This week the final bell will ring at a tiny school north of Albury, which has been at the heart of a rural community for nearly 150 years.
Only two students remain at Mullengandra Public School and with one heading off to high school next year, the state government is shutting the school down.
The final day of term will be an emotional one for the school’s principal Julie Twitt, who has spent 26 years teaching generations of children raised on surrounding farms.
“Our very last day will be a hard day to lock that door for the last time,” Ms Twitt said. “There’s a lot of great memories here.”
She said it had been an “emotional rollercoaster” trying to keep the school open in recent years, after the Hume Freeway was constructed metres from the school and Mullengandra’s last remaining pub and churches shut.
“The children of the traditional farm owners aren’t coming back to run farms and have families like they used to,” she said
“I’ve taught them too well.”
Difficult decision for Education Department
It’s a hot summer’s day when members of the local community gather in the shade to hear the Education Minister Rob Stokes explain why he’s shutting the school.
“It’s a terrible thing for an Education Minister to be in a position where you have a school with a beautiful rich history, but where the data suggests we are not going to have children to go to this school,” he said.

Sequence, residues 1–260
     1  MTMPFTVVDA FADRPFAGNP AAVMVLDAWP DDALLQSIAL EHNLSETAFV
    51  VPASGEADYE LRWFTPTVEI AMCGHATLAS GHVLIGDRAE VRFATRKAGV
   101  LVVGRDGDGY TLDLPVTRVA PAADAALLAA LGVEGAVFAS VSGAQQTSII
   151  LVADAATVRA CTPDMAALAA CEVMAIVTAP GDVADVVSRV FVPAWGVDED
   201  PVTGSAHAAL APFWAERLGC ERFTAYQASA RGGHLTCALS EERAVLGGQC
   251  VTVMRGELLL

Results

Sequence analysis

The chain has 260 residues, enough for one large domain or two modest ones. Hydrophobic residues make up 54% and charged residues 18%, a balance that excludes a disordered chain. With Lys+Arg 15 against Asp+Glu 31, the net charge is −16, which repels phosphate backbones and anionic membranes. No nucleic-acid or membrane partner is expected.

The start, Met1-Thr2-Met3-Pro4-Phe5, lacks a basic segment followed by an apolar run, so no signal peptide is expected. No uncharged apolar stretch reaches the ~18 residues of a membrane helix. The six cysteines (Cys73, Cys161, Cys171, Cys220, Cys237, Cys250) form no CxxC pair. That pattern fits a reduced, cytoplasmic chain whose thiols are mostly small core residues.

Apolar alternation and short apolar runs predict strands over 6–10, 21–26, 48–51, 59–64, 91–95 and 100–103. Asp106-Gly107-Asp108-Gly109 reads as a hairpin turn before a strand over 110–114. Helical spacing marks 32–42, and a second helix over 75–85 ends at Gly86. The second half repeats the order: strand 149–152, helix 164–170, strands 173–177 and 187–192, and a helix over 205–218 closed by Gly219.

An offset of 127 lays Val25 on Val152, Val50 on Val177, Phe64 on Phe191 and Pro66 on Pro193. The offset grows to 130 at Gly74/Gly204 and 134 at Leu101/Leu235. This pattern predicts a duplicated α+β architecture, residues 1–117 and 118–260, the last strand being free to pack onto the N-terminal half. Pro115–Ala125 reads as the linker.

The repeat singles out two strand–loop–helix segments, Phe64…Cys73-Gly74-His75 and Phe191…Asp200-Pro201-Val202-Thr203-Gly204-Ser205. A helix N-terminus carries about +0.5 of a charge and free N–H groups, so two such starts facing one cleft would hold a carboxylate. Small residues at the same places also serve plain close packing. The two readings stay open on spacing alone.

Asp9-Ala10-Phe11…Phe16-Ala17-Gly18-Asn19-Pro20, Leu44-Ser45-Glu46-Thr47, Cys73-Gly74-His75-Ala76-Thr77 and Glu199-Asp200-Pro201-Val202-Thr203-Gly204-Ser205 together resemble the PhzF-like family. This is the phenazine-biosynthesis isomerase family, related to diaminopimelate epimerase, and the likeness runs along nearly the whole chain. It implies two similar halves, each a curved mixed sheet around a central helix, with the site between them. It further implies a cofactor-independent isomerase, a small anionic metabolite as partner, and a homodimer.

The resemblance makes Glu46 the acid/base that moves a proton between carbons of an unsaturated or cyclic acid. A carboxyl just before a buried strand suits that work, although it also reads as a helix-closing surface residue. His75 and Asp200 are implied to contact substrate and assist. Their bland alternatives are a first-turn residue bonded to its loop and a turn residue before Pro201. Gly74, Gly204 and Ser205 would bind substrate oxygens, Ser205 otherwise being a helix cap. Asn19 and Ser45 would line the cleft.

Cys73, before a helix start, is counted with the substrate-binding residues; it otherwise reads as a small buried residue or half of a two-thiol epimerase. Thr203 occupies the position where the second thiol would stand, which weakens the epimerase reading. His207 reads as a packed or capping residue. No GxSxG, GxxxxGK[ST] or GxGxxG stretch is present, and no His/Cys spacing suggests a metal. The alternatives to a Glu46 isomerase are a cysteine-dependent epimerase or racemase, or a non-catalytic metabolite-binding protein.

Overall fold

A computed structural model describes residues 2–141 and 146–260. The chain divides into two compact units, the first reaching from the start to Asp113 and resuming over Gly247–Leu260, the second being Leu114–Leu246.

“When this school opened in 1871 it was a good half-day ride into Albury, but today there’s a school down the road that can be accessed in less than 20 minutes,” Mr Stokes said.
“Everything is a lot closer and that provides more choice, but with more choice comes these sorts of difficult decisions.”
Mr Stokes said the school would remain in public hands, but “no matter what happens I will ensure if this land is ever sold in the future, the Education Department will retain the right to buy it back if the enrolment trends change”.
School at heart of rural community
Bill McDonald started attending Mullengandra Public School in the 1930s.
“We walked three miles to school, three miles home,” Mr McDonald said.
His father, children and grandchildren also went to the school and he said it has been a vital focal point for the community.
“It is a really sad day for me, because in rural communities you need something that will hold them together.”
That sentiment was echoed by Helen Gledhill, whose son is a former student of the school.
“It’s just been a wonderful school for some many kids and it’s just so bloody sad that it won’t be here anymore,” she said.